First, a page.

Date of Award


Degree Type


Degree Name

Master of Arts (MA)




Racial and ethnic minority groups are underrepresented in medical and health-related survey research, with implications for the generalizability across diverse populations of evidence gleaned from these studies. However, there is little known about the respondents’ reasons for participating—or not—in medical research studies, and how these reasons might vary across race/ethnicity, age, gender and education. In this thesis, I extend previous research by looking at data collected from cognitive interviewing techniques to examine 1) participants’ reported likelihood of participating in five increasingly invasive types of data collection, including research studies that ask participants to answer questions about themselves or provide samples of saliva, blood, tissue, or cerebrospinal fluid; 2) the reasons participants provide for participation; and 3) the reasons participants provided for non-participation. Cognitive interviews were conducted with 64 participants in a convenience quota sample crossing dimensions of race/ethnicity, gender, age, and education. I examined patterns in respondents’ likelihood of participating in increasingly invasive medical research and examine whether these patterns vary across groups. I coded the reasons respondents provided for their likelihood of participation through an inductive, iterative, and systematic process, from the interview transcripts. The qualitative analysis consisted of identifying emerging themes throughout all cases. By focusing on respondents’ explanations for participation-or not-in various types of medical research, I was able to establish reasons for participation-or not-in medical research studies that collect personal information and biomarkers such as saliva, blood, tissue samples, and cerebrospinal fluid, with specific attention to variations by age, gender, race/ethnicity, and education attainment.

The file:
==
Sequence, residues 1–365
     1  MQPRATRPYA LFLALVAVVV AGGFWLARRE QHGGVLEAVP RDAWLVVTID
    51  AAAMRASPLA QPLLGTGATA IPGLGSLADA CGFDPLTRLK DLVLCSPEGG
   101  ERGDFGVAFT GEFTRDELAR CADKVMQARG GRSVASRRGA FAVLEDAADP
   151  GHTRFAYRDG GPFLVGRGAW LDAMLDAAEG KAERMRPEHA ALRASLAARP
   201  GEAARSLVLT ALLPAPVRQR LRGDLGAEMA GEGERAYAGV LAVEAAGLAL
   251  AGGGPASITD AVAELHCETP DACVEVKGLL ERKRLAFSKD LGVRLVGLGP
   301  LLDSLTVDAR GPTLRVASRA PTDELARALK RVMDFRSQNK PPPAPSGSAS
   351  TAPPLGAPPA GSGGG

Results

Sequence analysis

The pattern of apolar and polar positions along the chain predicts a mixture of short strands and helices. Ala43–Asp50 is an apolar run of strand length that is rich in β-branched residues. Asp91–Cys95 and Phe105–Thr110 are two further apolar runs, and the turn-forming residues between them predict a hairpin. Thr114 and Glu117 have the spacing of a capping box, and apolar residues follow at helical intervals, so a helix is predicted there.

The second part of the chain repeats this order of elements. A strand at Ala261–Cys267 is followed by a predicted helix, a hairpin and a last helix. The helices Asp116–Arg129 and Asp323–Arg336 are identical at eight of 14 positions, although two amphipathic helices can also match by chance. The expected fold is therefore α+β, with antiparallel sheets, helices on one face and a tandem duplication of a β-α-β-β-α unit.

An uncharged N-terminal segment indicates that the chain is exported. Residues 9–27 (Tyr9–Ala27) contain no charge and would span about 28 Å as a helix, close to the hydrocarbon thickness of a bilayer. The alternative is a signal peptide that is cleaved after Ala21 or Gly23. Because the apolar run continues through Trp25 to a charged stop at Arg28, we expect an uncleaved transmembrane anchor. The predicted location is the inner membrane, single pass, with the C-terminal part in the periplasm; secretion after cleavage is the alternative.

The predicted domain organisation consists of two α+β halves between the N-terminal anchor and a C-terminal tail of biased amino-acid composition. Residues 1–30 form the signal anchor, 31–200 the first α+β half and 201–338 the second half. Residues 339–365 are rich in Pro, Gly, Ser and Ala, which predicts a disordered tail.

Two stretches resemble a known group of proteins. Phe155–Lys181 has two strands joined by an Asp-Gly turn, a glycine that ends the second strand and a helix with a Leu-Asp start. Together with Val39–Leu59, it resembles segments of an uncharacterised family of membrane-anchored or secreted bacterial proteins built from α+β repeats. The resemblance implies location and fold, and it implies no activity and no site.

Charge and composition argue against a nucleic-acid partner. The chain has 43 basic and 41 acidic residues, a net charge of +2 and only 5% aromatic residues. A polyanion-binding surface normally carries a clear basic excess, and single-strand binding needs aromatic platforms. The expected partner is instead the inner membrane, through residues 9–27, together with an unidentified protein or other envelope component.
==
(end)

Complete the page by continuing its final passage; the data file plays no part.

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Creative Commons License
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